Acknowledgment Top

We appreciate the valuable help by Dr. Sandip S. Mangrule (Rehabilitation Psychologist) and Mrs. M.S. Mangrule (clinical psychologist) in preparation of questionnaire for the project and thank them for their contribution.

   References Top

1.Bhargava S, Garg OP, Singhi S, Singhi P, Lall KB. Prevalence of behaviour problems in Ajmer school children. Indian J Pediatr 1988;55:408-15.  Back to cited text no. 1
2.Dube KC. A study of prevalence and biosocial variables in mental illness in a rural and an urban community in Uttar Pradesh - India. Acta Psychiatr Scand 1970;46:327-59.  Back to cited text no. 2
3.Tirkey L, Jahan M. Behavioural problems in school going children in India. Eastern J Psychiatry 2007;10:11-4.  Back to cited text no. 3
4.Bhatia MS, Singhal PK, Dhar NK, Bohra N, Malik SC, Mullick DN. Family and the pattern of childhood psychiatric problems. Indian Practitioner 1990;4: 893-9.  Back to cited text no. 4
5.Achenbach TM, Edelbrock CS. Behavioral problems and competencies reported by parents of normal and disturbed children aged four through sixteen. Monogr Soc Res Child Dev 1981;46:1-82.  Back to cited text no. 5
6.Achenbach TM, Edelbrock CS. The classification of child psychopathology: A review and analysis of empirical efforts. Psychol Bull 1978;85:1275-301.  Back to cited text no. 6
7.Prakash J, Sudarsan S, Pardal PK, Chaudhury S. Study of behaviour problems in a pediatric outpatient department. Medical Journal Armed Forces India 2006;62:339-41.  Back to cited text no. 7
8.Cartwright-Hatton S, McNally D, White C, Verduyn C. Parenting skills training: An effective intervention for internalizing symptoms in younger children? J Child Adolesc Psychiatr Nurs 2005;18:45-52.  Back to cited text no. 8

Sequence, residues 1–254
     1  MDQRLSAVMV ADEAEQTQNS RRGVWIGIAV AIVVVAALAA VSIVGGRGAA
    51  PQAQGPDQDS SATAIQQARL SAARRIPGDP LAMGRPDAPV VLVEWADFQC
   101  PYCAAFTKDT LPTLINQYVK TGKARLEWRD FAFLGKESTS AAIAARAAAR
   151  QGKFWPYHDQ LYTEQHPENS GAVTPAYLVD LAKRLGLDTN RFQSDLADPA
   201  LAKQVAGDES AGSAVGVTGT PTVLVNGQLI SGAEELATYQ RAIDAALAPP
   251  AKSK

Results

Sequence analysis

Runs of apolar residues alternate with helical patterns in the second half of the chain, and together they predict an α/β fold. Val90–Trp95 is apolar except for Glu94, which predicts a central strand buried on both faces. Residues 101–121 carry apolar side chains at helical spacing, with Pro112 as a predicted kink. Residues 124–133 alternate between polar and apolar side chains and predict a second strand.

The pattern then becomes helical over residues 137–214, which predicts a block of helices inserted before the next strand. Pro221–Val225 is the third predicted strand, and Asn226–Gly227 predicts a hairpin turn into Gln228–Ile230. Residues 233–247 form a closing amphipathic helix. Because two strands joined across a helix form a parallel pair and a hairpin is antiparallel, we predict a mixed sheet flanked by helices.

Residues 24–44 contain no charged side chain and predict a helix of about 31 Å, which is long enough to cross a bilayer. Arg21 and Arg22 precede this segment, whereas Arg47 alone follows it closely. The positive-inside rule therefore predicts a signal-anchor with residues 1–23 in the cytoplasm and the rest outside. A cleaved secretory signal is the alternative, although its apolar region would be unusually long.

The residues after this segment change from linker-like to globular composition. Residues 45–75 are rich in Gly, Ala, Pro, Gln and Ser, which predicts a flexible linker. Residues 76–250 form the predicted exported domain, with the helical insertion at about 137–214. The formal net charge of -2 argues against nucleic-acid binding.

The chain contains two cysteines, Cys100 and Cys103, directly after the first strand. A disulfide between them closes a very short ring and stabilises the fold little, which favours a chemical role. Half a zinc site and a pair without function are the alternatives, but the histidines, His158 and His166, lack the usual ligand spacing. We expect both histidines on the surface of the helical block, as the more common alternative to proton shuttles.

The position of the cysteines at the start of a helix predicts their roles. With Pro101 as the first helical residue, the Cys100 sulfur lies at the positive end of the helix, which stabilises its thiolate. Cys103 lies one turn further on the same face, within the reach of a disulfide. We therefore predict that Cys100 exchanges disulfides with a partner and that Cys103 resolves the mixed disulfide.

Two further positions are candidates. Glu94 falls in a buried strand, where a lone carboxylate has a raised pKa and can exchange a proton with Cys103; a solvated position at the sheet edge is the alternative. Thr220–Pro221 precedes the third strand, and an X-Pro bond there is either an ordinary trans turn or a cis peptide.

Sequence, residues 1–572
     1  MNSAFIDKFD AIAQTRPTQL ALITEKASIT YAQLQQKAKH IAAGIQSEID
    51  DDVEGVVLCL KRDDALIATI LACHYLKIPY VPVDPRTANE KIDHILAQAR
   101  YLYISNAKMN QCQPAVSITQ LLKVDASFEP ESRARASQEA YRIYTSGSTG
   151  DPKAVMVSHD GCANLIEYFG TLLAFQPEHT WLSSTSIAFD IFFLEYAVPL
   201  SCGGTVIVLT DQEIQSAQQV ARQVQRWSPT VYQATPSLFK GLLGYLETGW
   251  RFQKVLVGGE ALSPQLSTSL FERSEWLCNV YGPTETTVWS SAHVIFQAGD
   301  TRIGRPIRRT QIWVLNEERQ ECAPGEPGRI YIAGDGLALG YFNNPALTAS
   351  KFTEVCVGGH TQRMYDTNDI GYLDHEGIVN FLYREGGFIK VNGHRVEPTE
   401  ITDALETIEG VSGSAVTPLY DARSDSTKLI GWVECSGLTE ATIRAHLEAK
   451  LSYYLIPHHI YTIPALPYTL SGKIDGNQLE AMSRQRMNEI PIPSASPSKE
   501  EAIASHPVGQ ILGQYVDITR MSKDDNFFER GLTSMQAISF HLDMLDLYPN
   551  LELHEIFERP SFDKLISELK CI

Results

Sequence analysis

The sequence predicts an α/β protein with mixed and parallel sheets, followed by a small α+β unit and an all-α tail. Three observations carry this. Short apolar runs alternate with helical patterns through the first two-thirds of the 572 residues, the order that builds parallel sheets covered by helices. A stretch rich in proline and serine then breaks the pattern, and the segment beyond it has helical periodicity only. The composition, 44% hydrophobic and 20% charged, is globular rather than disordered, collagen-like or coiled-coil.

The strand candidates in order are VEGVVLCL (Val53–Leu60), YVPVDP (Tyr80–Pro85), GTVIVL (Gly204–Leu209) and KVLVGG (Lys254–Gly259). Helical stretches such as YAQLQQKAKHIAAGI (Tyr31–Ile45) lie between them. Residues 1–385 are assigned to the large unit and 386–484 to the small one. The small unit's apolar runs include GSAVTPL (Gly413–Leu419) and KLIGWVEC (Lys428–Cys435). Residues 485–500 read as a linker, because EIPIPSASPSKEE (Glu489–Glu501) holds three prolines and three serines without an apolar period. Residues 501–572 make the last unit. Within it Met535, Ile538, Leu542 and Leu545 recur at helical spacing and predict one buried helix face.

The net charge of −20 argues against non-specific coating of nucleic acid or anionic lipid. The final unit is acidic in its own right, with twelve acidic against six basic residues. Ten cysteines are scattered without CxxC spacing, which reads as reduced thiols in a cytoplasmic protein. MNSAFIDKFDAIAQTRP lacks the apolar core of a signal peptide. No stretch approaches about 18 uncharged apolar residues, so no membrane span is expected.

9.Dearing E, McCartney K, Taylor BA. Within-child associations between family income and externalizing and internalizing problems. Dev Psychol 2006;42:237-52.  Back to cited text no. 9
10.Bhola P, Kapoor M. Prevalence of emotional disturbance in Indian adolescent girls. Indian J Clin Psychol 2000;27:217-22.  Back to cited text no. 10
11.Deivasigamani TR. Psychiatric morbidity in primary school children- An epidemiological study. Indian J Psychiatry 1990;32:235-40.  Back to cited text no. 11
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12.Gupta I, Verma M, Singh T, Gupta V. Prevalence of behavioral problems in school going children. Indian J Pediatr 2001;68:323-6.  Back to cited text no. 12
13.Bhalla M, Bhalla JN, Mahendru RK, Singh KB, Singh SB, Srivastava JR. Psychiatric disorders among children attending pediatric O.P.D. Indian Pediatr 1986;23:623-6.  Back to cited text no. 13
14.Singhal PK, Bhatia MS, Dhar NK, Nigam VR. Habit disorders: Prevalence and etiology. Indian Pediatr 1987;24:475-9.  Back to cited text no. 14
15.Srinivasan TN, Raman KJ. Early child parent separation and risk for childhood psychopathology. Indian J Psychiatry 1988;30:283-9.  Back to cited text no. 15
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16.Dayal R, Prasad R, Misra MN, Kalra K, Pandey DN, Mathur PP, et al. Are delinquents born or made by us? Indian Pediatr 1986;23:627-33.  Back to cited text no. 16
17.Gregory I. Anterospective data following childhood loss of a parent. I. Delinquency and high school dropout. Arch Gen Psychiatry 1965;13:99-109.  Back to cited text no. 17
18.Pratt HD. Principles of psychosocial assessment of adolescents. Indian J Pediatr 2003;70:775-80.  Back to cited text no. 18
19.Shenoy J, Kapur M. Prevalence of scholastic backwardness among five to eight year old children. Indian J Psychiatry 1996;38:201-7.  Back to cited text no. 19
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20.Srinath S, Girimaji SC, Gururaj G, Seshadri S, Subbakrishna DK, Bhola P, et al. Epidemiological study of child and adolescent psychiatric disorders in urban and rural areas of Bangalore, India. Indian J Med Res 2005;122:67-79.  Back to cited text no. 20
21.Pratt HD. Interpersonal violence, aggression, and antisocial behaviours in the adolescents. Indian J Pediatr 1999;66:589-602.  Back to cited text no. 21


  [Table 1], [Table 2], [Table 3]